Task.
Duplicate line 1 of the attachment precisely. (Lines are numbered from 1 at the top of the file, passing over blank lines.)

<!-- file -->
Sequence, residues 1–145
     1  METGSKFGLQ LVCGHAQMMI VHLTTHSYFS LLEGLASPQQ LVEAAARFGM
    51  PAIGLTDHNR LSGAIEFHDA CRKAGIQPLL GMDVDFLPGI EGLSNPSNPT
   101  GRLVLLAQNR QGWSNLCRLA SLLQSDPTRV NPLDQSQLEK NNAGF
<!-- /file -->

Sequence, residues 1–145